BIDDEFORD — When you run a small community theater, it pays to be penny-wise.

Linda Sturdivant, artistic director at City Theater in Biddeford, proved economical and enterprising when arranging the theater’s season-opening production of Neil Simon’s “Rumors.”

The set is palatial suburban townhouse, requiring high-end furniture and decor. She found the perfect chandelier at ReStore in Portland, the retail arm of Habitat for Humanity that sells used furniture, fixtures and house ware. Problem was, she couldn’t afford it.

Turns out, the store was in the process of moving from its former location on Forest Avenue to a new spot on Warren Avenue. The chandelier weighs 300 pounds, and moving it presented a challenge at ReStore.

They made a deal: Sturdivant could use the chandelier for free as long as she returned it to the new location when “Rumor” ended its run, Sturdivant got her chandelier, and ReStore didn’t have to wrestle with it.

The elegant farce opens Friday and runs two weekends through Nov. 3. It’s a widely produced comedy, a staple of the community theater and a great way to begin the season, Sturdivant said.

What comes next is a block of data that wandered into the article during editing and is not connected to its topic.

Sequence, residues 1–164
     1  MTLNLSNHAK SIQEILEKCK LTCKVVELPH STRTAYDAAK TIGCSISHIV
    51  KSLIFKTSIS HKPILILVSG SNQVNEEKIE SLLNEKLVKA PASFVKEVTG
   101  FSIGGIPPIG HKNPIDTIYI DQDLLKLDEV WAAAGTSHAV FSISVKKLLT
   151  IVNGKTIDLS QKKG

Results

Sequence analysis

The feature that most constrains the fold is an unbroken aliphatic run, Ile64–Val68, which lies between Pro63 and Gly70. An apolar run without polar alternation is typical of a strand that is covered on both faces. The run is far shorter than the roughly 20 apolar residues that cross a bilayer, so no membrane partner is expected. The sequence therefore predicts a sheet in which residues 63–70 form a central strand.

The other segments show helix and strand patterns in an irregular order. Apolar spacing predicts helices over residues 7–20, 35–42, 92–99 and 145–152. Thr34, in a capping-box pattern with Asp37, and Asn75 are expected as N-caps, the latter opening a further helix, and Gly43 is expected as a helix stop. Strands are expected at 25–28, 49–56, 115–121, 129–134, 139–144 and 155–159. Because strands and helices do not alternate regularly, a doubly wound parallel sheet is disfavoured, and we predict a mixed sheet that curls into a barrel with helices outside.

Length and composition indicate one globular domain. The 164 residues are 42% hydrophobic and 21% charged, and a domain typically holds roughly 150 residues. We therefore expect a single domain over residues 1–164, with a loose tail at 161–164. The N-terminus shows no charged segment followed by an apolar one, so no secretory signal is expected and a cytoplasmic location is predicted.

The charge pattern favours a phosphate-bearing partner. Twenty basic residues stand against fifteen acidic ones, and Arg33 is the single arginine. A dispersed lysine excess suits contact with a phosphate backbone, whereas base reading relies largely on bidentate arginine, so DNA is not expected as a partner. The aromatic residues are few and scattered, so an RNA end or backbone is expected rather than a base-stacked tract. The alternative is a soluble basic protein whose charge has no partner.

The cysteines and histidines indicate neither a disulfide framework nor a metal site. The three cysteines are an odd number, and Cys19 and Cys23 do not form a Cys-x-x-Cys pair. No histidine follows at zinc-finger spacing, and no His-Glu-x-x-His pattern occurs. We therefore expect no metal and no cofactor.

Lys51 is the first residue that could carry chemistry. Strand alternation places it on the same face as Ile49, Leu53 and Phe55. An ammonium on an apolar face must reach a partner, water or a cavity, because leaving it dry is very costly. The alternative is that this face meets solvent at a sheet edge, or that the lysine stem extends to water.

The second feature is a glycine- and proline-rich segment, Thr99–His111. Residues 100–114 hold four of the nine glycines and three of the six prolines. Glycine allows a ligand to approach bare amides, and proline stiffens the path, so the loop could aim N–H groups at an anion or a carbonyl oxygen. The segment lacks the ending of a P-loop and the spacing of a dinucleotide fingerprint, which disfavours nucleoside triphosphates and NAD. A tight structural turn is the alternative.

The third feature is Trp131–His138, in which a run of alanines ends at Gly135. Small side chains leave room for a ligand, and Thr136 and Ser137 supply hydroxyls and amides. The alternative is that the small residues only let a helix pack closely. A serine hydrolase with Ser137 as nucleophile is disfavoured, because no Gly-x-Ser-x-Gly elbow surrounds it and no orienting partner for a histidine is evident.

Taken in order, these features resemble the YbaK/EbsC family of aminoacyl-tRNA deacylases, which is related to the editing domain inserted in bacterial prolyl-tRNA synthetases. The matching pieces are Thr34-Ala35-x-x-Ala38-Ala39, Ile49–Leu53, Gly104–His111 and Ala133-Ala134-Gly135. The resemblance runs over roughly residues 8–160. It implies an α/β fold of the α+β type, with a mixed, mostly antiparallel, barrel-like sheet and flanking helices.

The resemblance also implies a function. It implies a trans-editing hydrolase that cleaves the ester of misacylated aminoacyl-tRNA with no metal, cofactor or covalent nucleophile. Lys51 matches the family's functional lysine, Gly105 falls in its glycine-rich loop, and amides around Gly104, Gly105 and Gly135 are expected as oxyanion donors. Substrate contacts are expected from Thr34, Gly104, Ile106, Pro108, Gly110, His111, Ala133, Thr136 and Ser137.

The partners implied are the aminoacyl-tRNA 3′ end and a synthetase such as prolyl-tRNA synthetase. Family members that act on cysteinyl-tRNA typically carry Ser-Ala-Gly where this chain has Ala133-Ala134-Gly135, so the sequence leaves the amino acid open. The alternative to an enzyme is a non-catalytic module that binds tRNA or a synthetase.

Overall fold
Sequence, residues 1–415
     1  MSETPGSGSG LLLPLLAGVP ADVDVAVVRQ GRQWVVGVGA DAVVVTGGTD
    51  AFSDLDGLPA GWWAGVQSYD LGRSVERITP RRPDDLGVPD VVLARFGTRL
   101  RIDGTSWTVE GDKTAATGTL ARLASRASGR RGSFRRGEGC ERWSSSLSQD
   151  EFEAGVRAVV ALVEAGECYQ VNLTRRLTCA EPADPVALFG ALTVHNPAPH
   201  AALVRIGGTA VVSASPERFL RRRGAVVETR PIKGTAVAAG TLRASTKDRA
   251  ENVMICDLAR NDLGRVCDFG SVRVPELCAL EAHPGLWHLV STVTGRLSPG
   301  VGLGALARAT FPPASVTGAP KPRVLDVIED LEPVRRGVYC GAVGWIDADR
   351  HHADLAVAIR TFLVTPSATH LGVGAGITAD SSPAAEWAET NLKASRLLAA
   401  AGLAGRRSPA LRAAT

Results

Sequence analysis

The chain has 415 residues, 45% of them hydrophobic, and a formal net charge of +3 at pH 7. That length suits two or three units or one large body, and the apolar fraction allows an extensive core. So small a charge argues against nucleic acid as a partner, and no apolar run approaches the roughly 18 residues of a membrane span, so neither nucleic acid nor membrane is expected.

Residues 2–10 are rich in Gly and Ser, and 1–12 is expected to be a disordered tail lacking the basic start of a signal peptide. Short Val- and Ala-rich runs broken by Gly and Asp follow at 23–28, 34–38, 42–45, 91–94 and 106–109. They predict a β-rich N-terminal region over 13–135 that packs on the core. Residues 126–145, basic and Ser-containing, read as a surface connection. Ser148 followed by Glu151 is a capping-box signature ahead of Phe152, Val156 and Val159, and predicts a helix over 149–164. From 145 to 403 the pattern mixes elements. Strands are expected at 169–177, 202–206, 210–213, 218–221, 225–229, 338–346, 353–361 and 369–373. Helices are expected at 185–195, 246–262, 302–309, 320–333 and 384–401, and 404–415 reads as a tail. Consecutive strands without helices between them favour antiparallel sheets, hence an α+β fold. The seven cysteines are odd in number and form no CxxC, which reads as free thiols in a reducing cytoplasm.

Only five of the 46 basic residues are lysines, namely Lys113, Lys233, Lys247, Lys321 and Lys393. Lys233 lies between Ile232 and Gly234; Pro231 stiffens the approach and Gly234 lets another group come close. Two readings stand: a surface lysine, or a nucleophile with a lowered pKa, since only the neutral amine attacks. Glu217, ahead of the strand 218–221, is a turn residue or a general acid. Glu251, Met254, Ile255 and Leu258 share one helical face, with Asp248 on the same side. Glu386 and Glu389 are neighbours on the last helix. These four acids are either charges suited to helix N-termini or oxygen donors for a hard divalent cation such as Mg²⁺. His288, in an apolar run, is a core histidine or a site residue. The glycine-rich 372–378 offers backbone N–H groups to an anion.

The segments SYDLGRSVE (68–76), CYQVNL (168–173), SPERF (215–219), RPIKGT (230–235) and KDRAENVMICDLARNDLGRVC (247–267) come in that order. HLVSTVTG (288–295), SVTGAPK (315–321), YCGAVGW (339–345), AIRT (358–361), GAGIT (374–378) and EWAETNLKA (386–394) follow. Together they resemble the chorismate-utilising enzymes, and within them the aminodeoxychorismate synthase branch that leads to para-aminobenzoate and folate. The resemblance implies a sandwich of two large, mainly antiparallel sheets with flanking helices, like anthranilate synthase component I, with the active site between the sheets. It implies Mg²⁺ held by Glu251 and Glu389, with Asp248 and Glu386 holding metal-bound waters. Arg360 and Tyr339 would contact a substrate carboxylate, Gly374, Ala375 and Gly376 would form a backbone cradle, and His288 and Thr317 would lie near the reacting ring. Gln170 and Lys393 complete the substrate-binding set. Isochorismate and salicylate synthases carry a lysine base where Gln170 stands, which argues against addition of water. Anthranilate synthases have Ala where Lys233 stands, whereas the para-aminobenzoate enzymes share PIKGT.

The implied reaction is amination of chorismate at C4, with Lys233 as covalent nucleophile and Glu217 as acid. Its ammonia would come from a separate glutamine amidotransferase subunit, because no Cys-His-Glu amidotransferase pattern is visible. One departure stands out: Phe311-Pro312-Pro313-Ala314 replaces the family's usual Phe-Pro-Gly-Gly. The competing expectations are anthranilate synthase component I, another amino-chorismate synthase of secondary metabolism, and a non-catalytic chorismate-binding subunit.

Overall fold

“I think it’s Neil Simon’s cleverest writing,” she said. “The characters are well-defined, and they’re also distinct. Everybody likes to laugh. And like any farce, it has to

The elegant farce opens Friday and runs two weekends through Nov. 3. It’s a widely produced comedy, a staple of the community theater and a great way to begin the season, Sturdivant said.

“I think it’s Neil Simon’s cleverest writing,” she said. “The characters are well-defined, and they’re also distinct. Everybody likes to laugh. And like any farce, it has to go fast. It’s a lot of fun and a lot of laughs.”

You know the story: Four rich couples get together in a posh townhouse for a dinner party to celebrate the host couple’s 10th anniversary. The hostess goes missing, and the host, who happens to the be deputy mayor of New York, has put a bullet through his earlobe.

The humor occurs in the cover up. As the couples try to keep the news from the cops and media, the show evolves into a series of mishaps, confusion and miscommunication.

The play opened on the West Coast, and moved to Broadway in fall 1988. Christine Baranski won a Tony Award for Best Featured Actress in a Play. The show lasted 535 performances during its Broadway run.

Sturdivant directs a cast of 10: Rebecca Rinaldi and Karl Carrigan as Chris and Ken Gorman; Jamie Schwartz and Rebbeca Cole as Lenny and Claire Ganz; Gretchen Wood and Tad Williams as Cookie and Ernie Cusak, and Cate DeMeule and Rick Kusturin as Glenn and Cassie Cooper. Shay Ayres and Owen White play police officers Welch and Pudney.

Staff Writer Bob Keyes can be reached at 791-6457 or:bkeyes@pressherald.comTwitter: pphbkeyes